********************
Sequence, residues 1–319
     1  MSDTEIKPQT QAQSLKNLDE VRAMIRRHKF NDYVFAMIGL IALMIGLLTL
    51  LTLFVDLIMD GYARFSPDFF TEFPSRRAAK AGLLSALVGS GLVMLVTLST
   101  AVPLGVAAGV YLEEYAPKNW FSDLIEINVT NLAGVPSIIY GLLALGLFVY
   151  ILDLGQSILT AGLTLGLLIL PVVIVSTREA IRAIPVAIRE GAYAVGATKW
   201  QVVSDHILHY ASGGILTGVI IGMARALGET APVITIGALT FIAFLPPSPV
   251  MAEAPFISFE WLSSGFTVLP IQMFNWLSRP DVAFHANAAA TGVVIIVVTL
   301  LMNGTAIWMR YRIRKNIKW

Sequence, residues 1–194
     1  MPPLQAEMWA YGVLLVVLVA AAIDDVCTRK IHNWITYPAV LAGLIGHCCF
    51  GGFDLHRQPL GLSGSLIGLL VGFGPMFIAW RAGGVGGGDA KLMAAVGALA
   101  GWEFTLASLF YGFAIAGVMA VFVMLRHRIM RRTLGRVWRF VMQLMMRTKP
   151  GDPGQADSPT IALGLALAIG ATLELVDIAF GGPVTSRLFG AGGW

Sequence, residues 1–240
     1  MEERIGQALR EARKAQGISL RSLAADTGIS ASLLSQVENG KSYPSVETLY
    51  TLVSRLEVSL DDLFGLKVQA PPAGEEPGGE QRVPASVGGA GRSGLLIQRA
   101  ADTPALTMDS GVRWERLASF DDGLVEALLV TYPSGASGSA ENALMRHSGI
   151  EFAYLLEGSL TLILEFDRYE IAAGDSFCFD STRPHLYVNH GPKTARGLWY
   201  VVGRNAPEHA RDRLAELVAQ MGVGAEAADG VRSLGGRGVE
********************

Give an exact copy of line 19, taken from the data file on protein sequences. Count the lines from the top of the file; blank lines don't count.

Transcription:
   201  VVGRNAPEHA RDRLAELVAQ MGVGAEAADG VRSLGGRGVE